The Pryor Times

National News

February 13, 2013

Violence Against Women Act renewed

In a vote of 78-22, the U.S Senate voted to renew the Violence Against Women Act that expired in 2011.

The renewal included new provisions to ensure that gay, lesbian, immigrant and Native American woman have equal access to the act’s domestic violence programs.

“I am proud that our bill seeks to support all victims, regardless of their immigration status, their sexual orientation, or their membership to an Indian tribe,” said Sen. Patrick Leahy, Vermont. “As I have said countless times, a victim is a victim is a victim.”

The vote was highly anticipated and some representatives that previously voted against it were changing their votes. Oklahoma Senators Tom Coburn and Jim Inhofe were among the 22 no votes.

“Over 160 million women across the country are watching and waiting to see if the House will act on this bill and finally provide them with the protection from violence they deserve,” said Sen. Patty Murray, Washington.

Having passed in the Senate, it is now up to the House to decide whether or not to advance the VAWA.

“Delay isn’t an option when three women are still killed by their husbands or boyfriends every day. Delay isn’t an option when countless women still live in fear of abuse and when one in five have been victims of rape,” said Vice President Joe Biden, who negotiated the original bill in 1994.

The White House supports the Senate bill saying that among the positive changes created by VAWA are a decline in intimate partner violence by 67 percent between 1993 and 2010 and an increase in victims reporting domestic and sexual violence to police.

The act provides grants to state and local authorities for legal assistance, transitional housing, law enforcement training, stalker databases and domestic violence hotlines. This renewal extends the act for five years and provides $659 million for VAWA programs, down 17 percent from the last renewal in 2005.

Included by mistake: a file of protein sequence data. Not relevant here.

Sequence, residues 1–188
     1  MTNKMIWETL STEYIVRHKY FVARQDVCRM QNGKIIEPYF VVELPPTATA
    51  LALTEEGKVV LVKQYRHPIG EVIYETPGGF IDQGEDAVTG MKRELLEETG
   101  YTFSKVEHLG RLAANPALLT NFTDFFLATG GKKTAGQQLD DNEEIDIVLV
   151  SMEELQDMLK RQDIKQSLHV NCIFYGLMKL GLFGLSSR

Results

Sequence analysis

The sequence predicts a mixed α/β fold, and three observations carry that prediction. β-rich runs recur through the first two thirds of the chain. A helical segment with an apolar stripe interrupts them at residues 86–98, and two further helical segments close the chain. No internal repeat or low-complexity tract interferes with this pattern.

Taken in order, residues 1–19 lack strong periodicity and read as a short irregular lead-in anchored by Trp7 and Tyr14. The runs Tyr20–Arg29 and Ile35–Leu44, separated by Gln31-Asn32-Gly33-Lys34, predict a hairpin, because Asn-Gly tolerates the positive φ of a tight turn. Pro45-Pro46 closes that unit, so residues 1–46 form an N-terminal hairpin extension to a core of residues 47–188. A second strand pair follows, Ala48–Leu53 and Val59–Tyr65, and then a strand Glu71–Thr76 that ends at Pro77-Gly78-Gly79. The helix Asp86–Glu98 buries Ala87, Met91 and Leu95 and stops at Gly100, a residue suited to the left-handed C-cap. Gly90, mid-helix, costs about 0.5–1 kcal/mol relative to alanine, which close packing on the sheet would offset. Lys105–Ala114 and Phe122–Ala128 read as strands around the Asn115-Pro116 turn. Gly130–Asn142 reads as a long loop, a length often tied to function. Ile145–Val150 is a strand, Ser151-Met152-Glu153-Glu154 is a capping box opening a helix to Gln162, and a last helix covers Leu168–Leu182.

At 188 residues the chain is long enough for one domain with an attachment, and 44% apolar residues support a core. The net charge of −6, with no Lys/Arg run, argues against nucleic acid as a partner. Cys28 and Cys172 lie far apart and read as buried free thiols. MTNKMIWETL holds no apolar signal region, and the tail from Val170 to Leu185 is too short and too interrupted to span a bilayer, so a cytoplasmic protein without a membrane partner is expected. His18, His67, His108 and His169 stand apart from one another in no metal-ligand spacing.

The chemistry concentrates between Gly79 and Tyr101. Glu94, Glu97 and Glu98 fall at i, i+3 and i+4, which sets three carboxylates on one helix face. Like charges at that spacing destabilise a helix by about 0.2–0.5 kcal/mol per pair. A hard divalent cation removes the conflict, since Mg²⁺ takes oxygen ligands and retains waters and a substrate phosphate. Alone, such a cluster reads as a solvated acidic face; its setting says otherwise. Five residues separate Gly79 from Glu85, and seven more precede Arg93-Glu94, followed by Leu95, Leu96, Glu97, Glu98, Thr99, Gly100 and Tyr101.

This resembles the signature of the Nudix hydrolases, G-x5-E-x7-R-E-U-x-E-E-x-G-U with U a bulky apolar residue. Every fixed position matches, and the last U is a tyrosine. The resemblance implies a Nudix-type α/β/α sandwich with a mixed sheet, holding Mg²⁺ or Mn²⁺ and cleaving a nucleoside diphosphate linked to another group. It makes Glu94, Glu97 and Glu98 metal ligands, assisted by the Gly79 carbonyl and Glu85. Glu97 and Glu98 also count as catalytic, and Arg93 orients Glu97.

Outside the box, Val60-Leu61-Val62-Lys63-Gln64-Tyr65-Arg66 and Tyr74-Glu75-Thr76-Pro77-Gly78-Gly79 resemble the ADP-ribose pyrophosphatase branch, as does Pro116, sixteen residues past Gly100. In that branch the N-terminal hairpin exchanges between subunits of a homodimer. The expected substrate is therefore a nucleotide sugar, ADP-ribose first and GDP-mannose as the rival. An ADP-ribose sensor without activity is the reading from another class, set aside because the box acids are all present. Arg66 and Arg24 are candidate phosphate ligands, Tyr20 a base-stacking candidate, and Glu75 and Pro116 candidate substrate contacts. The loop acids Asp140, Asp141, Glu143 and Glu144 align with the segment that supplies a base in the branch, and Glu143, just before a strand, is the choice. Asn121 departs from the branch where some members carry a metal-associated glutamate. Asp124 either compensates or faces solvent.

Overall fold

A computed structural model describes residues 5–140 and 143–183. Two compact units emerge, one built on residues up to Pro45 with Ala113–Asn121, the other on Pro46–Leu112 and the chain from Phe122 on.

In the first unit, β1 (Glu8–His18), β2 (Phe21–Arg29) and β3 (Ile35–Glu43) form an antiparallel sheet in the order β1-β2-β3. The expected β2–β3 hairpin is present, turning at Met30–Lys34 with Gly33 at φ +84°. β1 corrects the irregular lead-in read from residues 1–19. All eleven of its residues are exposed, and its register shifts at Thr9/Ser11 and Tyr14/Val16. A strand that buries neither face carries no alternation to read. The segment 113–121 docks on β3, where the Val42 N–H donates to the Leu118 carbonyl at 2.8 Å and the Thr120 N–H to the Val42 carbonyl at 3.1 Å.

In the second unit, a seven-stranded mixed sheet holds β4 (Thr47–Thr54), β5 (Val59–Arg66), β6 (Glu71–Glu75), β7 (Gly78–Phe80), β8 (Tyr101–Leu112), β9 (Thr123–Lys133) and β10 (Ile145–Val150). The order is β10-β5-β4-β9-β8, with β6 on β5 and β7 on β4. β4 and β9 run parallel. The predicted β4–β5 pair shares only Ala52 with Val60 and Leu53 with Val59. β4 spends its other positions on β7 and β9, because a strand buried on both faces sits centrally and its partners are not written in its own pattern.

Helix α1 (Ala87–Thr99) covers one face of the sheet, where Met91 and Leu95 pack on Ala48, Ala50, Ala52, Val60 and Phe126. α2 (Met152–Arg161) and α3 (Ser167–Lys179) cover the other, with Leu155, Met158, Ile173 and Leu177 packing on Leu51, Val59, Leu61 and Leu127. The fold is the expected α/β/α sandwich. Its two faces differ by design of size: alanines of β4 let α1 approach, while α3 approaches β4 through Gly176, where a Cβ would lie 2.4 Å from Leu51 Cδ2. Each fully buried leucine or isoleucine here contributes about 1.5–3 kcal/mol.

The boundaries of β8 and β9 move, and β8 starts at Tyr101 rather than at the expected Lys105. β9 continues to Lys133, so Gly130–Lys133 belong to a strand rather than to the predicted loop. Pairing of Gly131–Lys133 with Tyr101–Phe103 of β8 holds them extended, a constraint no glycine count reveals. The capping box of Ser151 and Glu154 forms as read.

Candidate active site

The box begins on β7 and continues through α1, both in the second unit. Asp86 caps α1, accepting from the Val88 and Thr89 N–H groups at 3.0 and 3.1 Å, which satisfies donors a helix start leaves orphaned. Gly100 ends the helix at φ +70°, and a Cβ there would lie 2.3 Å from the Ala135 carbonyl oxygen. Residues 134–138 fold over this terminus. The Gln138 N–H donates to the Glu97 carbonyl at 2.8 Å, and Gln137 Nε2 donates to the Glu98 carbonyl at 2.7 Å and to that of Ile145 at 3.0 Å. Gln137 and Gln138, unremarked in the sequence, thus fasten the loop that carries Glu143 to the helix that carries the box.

The act includes a provision that will speed up the analysis of DNA evidence in rape cases.

While many supporters of the act say a bill aimed at preventing domestic violence should be uncontroversial, arguments arise over the expansions added this year.

The bill has expanded to allow American Indian authorities to prosecute non-American Indians in tribal court, which has received opposition.

American Indian women are more than twice as likely to be raped as white women, and are left in limbo with tribal authorities who until now have been powerless against assailants outside of the tribal jurisdiction.

Protection for lesbian and immigrant women was added, with Republican opposition.

Historically, immigrant women are less likely to report abuse to authorities.

Immigrant women who are the victim of domestic violence, who are married to a U.S citizen or lawful resident and living in the country with documentation, will be allowed to petition for independent legal status. This means they will not have to rely on an abusive spouse, who often use the sponsorship they provide as an source of leverage or intimidation.

According to Anti-Violence Project studies, 45 percent of LGBT domestic violence victims are turned away when they seek help at a shelter. More than half of them were denied protection orders. With this act, however, nondiscrimination provision would prohibit the denial of services based on race, religion, national origin, sexual orientation or disability.

This renewal requested included a provision targeting human trafficking, voted 93-5. A provision ensuring child victims of sex trafficking are eligible for grant assistance was voted 100 to 0.

The act, as it exists before the renewal, improves the criminal justice response to violence against women.

The act created a federal “rape shield law” which prevents offenders from using victims’ past sexual conduct against them during a rape trial. It also mandates that victims, no matter their income levels, are not forced to bear the expense of their own rape exams or for service of a protection order.

VAWA funds train over 500,000 law enforcement officers, prosecutors, judges and other personnel every year to ensure they understand the realities of domestic and sexual violence before responding to a crisis call.


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